[LAD] SDL_mixer+LADSPA was:basic in-game audio synthesis api?
noisesmith at gmail.com
Mon Apr 6 15:00:56 UTC 2009
On Mon, Apr 6, 2009 at 8:44 AM, james morris <james at jwm-art.net> wrote:
> My experiment so far has yielded a WAV played via SDL_mixer and by
> registering a callback through Mix_RegisterEffect it is processed by the
> following LADSPA filters: 4x4allpass and Gverb.
> There might be some problems here though so I am asking if anybody can
> advise upon using SDL for audio.
> The problems with SDL_mixer are as follows:
> 1) The callback registered with Mix_RegisterEffect has a len parameter
> which is the length of the stream passed to the callback. It's value
> however seems mysteriously derived and it would be helpful to know in
> advance, it's precise value or expected ranges so I can create the IO
> buffers for the LADSPA effects only as large as they need be (rather
> than excessively large) before the fx call back is registered. ( is it
> always 1880 samples? )
> 2) Currently, I have a mono stream (i think, not entirely sure) and it
> goes to the FX callback, processed by 4x4allpass, and then by Gverb. I
> discard one of the output channels from Gverb because, what else can I
> do with it? Nothing AFAICT. (No buses :( )
> Are there solutions to this while still using SDL_mixer? Or should I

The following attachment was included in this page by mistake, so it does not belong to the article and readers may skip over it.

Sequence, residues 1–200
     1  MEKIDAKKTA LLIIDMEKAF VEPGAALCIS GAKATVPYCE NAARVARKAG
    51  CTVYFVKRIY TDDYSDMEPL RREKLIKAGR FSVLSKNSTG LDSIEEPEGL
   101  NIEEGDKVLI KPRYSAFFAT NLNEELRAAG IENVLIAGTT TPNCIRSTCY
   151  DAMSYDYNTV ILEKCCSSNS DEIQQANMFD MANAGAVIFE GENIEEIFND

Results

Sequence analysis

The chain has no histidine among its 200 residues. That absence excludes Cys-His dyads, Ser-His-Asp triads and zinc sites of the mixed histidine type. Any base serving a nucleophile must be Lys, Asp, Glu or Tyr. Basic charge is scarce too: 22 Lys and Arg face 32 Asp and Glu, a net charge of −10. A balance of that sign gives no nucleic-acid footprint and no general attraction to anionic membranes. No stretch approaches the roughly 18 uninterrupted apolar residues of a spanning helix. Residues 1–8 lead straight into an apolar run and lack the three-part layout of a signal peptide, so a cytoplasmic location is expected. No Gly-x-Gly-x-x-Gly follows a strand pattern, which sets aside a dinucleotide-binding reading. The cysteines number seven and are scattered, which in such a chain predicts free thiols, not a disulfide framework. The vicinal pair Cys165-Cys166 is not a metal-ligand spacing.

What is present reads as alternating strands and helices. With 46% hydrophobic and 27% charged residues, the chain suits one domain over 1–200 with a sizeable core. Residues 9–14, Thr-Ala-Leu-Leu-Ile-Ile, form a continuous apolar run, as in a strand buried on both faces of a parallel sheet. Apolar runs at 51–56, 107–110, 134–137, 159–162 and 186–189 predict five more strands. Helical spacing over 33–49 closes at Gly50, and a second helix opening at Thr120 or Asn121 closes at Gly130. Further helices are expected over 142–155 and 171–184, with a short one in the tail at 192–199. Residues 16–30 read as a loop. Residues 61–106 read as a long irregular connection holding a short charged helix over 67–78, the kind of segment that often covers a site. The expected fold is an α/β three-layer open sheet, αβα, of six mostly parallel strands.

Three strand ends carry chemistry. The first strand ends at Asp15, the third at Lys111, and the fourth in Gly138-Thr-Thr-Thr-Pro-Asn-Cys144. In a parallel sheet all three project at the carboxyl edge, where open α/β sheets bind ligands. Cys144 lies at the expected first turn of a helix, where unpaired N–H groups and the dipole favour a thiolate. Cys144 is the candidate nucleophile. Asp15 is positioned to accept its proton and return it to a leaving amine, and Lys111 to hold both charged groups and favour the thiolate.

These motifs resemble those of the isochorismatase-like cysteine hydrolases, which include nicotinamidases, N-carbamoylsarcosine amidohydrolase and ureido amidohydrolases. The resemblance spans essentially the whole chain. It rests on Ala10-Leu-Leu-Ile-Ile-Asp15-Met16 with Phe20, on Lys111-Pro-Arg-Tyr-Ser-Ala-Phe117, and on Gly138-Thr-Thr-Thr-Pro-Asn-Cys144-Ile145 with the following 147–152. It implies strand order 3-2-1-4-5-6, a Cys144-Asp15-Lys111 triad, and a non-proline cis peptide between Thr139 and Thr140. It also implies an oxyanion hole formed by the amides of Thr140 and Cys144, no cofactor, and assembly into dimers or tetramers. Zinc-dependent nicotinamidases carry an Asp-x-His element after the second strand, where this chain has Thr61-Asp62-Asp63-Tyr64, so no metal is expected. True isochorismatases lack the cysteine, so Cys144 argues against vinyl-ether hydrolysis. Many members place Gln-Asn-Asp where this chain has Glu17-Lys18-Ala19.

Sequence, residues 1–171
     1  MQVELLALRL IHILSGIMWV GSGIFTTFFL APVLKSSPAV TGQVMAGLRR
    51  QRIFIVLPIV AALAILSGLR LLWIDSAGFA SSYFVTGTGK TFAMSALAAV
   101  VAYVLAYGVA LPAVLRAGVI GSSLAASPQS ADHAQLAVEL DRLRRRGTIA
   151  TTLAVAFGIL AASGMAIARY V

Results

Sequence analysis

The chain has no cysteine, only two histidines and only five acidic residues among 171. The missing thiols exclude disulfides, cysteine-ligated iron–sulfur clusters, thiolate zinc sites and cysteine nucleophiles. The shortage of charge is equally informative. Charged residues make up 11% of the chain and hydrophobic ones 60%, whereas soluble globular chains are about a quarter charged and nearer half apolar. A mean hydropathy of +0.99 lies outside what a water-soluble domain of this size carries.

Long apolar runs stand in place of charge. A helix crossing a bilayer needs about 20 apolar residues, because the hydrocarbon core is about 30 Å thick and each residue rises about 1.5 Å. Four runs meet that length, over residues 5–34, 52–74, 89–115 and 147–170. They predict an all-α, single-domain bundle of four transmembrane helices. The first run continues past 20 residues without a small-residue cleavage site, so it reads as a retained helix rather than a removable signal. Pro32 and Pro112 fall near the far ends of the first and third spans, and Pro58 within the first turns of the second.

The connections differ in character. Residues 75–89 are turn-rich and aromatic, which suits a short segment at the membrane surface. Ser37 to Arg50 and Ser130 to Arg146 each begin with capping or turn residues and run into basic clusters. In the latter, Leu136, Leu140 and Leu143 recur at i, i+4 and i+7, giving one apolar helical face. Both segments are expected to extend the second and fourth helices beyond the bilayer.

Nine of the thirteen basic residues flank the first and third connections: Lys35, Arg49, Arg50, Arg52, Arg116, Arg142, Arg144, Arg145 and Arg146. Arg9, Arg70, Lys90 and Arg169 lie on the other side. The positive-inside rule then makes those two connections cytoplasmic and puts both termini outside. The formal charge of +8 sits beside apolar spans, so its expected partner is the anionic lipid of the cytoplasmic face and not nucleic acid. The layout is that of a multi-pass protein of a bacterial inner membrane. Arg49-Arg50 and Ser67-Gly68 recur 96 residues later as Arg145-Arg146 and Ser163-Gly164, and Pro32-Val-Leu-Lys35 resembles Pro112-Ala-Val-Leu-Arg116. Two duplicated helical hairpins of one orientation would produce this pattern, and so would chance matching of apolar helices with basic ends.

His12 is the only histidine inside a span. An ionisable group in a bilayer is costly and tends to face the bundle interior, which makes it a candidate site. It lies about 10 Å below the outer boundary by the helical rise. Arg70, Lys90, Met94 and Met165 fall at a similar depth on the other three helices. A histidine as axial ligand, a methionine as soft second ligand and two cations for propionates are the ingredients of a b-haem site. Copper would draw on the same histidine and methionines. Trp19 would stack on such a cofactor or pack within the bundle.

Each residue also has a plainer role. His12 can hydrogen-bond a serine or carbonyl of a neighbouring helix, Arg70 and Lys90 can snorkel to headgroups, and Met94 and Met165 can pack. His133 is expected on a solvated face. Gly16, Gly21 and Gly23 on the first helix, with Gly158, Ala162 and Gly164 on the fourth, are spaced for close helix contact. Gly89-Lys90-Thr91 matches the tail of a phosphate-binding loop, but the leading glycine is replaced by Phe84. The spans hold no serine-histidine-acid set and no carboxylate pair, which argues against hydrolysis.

> write a custom mixer, (probably start coding from David Olofson's
> examples) ?
> On 3/4/2009, "Paul Davis" <paul at linuxaudiosystems.com> wrote:
>>On Fri, Apr 3, 2009 at 6:13 PM, james morris <james at jwm-art.net> wrote:
>>> Allowing the game to connect to JACK, and using LADSPA plugins for the
>>> effects was just one option I thought of, but it would be a little
>>> unusual for a game. But still, it might be interesting to try.
>>i wasn't suggesting JACK. just ladspa.
> Linux-audio-dev mailing list
> Linux-audio-dev at lists.linuxaudio.org
If I understand correctly, what you are talking about is the buffer
size. The tradeoffs with buffer size are that with a short buffer size
sonic events happen with a shorter latency (ie. if a "pew pew" sound
goes with the laser, a shorter buffer reduces the delay between the
user pushing the "fire" button and hearing the "pew pew" sound). If
the buffer is too short, your CPU usage will become too large, and
eventually you will probably get underruns in your output buffers,
creating skipping sounds or gaps in your audio. If the buffer size is
too large, you will have a sluggish feeling to the game and for faster
sequences of events the sounds won't quite go with the key presses and
images. Typically you want buffer sizes to be some power of two, or a
small multiple of a power of two.
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